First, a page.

MADRID — The Spanish government has hit back hard in its battle with Catalonia’s pro-independence leadership.
Prime Minister Mariano Rajoy said Saturday Madrid will dismiss the whole Catalan cabinet, assume all the powers of the regional executive, limit the powers of the Catalan parliament and call regional elections within six months.
Rajoy’s decision is the latest move in a power struggle with the Catalan government, following a disputed independence referendum on October 1. The Catalan government says the vote gave it a mandate to declare independence; Madrid and the country’s courts says the referendum was illegal and invalid.
Rajoy unveiled the unprecedented plan to take over the running of Catalonia’s government under the framework of article 155 of the Spanish constitution after an urgent meeting of his cabinet that approved the measures to be sent to the senate.
The upper chamber of the parliament will start processing Madrid’s petition the same day and is expected to give the green light in a plenary session in the coming days.
Rajoy blamed the secessionist Catalan government led by regional president Carles Puigdemont for the “exceptional” situation, saying the regional executive had sought “confrontation.”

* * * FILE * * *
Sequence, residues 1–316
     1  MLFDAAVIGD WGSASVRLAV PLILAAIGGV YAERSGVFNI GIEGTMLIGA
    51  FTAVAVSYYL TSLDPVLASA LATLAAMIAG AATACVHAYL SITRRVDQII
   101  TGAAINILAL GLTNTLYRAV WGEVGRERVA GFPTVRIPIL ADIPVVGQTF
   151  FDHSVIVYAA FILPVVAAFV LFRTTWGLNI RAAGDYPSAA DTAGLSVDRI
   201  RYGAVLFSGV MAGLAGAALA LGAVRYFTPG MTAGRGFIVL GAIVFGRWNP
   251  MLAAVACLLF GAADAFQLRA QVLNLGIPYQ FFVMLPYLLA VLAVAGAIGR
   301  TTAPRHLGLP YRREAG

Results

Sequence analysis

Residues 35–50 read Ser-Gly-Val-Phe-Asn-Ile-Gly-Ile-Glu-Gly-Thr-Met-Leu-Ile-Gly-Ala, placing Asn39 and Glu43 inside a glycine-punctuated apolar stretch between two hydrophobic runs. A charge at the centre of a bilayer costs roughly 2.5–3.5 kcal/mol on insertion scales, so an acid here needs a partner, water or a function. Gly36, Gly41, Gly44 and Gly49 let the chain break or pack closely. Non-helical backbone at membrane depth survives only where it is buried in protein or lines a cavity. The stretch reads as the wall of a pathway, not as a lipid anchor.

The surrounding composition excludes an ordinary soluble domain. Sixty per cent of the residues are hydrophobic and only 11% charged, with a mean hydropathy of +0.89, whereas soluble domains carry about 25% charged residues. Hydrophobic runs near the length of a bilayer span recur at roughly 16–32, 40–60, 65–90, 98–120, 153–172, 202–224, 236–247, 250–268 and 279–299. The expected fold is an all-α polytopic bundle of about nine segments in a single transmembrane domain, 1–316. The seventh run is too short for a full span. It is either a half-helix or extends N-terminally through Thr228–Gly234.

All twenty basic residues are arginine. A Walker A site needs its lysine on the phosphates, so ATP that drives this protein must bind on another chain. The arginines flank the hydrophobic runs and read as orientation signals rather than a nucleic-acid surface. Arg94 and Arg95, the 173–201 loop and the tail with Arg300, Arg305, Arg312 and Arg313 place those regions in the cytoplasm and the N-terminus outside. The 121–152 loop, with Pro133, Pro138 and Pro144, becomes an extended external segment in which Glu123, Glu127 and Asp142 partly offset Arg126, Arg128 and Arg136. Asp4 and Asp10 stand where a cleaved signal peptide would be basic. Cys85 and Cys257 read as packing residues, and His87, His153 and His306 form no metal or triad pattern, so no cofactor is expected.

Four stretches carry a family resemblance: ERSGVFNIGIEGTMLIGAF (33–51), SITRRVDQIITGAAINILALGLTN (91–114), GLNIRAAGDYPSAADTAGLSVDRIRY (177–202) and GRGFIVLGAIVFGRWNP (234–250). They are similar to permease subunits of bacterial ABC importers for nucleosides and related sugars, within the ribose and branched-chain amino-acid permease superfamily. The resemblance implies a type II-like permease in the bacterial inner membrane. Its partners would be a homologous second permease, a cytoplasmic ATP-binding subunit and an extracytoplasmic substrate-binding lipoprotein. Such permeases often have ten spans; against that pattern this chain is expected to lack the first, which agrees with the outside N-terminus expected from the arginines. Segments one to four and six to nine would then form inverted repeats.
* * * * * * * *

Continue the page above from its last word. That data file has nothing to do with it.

“I’m under the impression that … some wanted to reach this situation,” he said. “It wasn’t our intention.”
It is not immediately clear how Puigdemont will respond. In a letter this week, he suggested the Catalan parliament could approve a formal declaration of independence in response to the central government’s actions. Others have suggested a reshuffle of the regional cabinet or a snap election.
Puigdemont has insisted that the referendum on October 1 provides a “mandate” to break with Spain. According to Catalan government figures, which have not been verified by an independent body, 43 percent of Catalans cast a ballot and 90 percent chose secession in the vote.